The Chinese soldiers had accomplished their task. They could have easily stormed the vulnerable U.S. positions but did not waste the time so as to quickly get around the back of the imperialist troops and encircle yet larger numbers of the enemy. Once they had totally surrounded the enemy, the Chinese units could then go back and deal with any foe they had passed up.

Prior to the attack the Chinese soldiers blew whistles and bugles. Many U.S. soldiers have testified that the noises in the darkness were unnerving to their troops, who thought that this was some kind of psychological warfare meant to freak out them out. But as CPV commanders later explained, the Chinese forces did not have a lot of Western technology, not even enough radios, in order to communicate with their troops on the battlefield. So Chinese field commanders used more primitive means to maintain contact among their troops in the heat of battle—mainly with bugles, whisstles, lamps, runners, and signal flags as their chief means of communication to coordinate their units in battle.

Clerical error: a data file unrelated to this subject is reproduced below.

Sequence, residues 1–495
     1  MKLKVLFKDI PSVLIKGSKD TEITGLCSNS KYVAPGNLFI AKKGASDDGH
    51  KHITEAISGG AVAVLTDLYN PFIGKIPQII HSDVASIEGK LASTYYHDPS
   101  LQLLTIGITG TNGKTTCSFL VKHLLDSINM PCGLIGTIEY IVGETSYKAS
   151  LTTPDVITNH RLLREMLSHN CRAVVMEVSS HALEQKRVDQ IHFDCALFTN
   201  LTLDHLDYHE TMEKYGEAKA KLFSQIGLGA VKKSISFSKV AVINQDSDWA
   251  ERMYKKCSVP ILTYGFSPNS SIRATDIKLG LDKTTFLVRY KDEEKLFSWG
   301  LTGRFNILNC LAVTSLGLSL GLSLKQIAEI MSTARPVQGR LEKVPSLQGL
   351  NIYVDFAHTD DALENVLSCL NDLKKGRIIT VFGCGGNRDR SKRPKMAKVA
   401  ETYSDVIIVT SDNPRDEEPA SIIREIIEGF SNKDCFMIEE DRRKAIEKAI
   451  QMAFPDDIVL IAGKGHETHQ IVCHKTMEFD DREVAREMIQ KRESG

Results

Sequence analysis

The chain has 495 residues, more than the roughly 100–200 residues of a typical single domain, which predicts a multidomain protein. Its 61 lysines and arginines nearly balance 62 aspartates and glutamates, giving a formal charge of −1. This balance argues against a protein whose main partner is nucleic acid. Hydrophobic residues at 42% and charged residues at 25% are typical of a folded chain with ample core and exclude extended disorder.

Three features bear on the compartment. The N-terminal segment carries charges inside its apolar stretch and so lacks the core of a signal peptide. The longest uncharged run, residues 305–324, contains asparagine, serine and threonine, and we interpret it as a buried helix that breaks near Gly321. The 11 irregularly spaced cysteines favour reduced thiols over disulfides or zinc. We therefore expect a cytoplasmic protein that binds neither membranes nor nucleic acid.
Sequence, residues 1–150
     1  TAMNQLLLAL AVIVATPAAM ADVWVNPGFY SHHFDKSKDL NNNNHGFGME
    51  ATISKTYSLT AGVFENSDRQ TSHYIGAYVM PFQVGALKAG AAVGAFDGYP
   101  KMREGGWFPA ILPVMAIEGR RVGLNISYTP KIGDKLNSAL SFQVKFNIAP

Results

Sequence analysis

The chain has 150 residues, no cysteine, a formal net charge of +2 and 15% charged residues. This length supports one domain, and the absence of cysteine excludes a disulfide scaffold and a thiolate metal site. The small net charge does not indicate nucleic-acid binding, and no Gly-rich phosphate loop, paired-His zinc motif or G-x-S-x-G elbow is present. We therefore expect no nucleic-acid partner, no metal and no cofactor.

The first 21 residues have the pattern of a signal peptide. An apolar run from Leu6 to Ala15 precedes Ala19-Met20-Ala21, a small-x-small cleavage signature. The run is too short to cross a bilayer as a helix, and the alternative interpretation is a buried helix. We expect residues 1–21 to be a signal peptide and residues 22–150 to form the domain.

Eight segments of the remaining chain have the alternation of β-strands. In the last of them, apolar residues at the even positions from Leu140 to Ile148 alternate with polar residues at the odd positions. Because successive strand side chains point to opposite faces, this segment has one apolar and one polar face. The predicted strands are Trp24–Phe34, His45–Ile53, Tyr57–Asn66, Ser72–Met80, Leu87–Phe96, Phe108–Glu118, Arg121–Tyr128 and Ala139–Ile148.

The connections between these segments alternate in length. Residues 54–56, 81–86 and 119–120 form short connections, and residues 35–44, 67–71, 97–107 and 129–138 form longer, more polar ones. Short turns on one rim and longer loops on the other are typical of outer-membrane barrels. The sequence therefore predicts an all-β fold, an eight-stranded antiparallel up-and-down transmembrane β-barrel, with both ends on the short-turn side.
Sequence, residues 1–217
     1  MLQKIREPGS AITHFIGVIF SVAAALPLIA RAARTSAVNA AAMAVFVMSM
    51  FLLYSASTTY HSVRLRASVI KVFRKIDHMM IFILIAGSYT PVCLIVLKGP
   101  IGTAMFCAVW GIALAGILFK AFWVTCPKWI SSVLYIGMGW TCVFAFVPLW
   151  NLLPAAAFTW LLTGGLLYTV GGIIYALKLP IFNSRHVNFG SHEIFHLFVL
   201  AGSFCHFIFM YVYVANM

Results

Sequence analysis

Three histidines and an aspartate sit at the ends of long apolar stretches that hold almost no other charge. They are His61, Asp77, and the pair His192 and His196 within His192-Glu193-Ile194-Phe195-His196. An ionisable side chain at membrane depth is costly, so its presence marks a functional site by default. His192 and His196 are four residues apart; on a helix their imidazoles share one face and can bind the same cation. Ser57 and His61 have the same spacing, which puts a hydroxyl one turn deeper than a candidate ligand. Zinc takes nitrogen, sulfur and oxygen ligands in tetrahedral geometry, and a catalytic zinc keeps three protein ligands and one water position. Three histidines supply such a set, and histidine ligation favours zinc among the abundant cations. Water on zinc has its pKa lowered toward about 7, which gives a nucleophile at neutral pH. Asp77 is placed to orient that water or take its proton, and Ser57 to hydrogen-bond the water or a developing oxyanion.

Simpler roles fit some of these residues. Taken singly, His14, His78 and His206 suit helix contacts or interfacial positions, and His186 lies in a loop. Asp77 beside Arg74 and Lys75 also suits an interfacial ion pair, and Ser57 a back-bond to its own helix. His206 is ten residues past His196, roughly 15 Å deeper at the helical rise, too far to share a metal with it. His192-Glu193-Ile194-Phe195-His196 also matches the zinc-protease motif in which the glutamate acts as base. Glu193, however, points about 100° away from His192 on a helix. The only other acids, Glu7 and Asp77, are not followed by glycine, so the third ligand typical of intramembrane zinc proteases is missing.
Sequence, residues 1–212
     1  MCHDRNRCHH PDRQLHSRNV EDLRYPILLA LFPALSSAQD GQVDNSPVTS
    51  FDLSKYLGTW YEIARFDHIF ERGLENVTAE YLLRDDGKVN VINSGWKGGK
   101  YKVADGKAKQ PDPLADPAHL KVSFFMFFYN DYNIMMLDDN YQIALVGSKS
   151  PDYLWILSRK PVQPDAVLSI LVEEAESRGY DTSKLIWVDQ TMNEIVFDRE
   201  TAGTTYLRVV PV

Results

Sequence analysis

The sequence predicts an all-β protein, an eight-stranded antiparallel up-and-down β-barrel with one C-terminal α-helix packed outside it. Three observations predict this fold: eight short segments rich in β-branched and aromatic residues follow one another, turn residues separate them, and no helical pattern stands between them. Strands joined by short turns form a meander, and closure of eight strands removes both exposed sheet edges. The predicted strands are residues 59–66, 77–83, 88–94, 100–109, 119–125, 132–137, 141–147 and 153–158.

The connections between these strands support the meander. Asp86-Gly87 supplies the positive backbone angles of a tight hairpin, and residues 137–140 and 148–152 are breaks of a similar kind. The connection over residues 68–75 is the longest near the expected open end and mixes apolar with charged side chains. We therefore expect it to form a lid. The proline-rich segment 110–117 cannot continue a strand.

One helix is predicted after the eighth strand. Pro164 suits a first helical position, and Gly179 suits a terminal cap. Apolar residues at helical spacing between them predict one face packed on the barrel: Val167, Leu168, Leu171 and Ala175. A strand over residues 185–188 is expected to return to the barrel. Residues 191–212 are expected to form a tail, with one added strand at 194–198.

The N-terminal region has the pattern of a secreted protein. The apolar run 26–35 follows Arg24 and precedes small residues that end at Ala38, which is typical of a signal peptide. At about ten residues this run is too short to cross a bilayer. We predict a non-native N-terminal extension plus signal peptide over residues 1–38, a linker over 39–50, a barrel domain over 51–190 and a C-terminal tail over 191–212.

Meanwhile, the CPV had found the juncture between the U.S. 1st and 2nd Battalions, advanced along the ridge lines between the two, and commenced an attack against the U.S. 1st Battalion as well. As one bourgeois military expert explained, "It is a maxim in military theory that the best place to amass for an offensive strike is where enemy units have boundaries. It is here that weakness usually is found. The larger the boundary, the greater the weakness is apt to be, and the greater the chance for exploitation of a success. The Chinese throughout the Korean War demonstrated their ability by thorough night reconnaissance and patrolling to find unit boundaries, whether platoon, company, battalion, regiment, division, or corps."5